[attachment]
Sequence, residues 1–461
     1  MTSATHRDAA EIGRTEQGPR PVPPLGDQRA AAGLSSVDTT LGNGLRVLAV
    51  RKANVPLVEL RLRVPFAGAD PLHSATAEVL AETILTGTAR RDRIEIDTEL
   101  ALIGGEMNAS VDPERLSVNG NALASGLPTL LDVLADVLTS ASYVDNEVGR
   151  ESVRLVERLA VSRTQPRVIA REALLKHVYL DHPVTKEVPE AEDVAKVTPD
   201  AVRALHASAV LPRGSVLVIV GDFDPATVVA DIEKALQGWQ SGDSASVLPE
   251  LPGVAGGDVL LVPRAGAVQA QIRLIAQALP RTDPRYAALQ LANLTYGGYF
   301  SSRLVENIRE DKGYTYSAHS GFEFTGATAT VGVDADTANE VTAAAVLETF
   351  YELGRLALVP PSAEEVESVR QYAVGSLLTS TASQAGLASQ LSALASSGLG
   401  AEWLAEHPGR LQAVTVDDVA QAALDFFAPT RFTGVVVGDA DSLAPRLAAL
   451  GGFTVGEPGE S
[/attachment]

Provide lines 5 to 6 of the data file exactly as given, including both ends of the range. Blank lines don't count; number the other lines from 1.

   151  ESVRLVERLA VSRTQPRVIA REALLKHVYL DHPVTKEVPE AEDVAKVTPD
   201  AVRALHASAV LPRGSVLVIV GDFDPATVVA DIEKALQGWQ SGDSASVLPE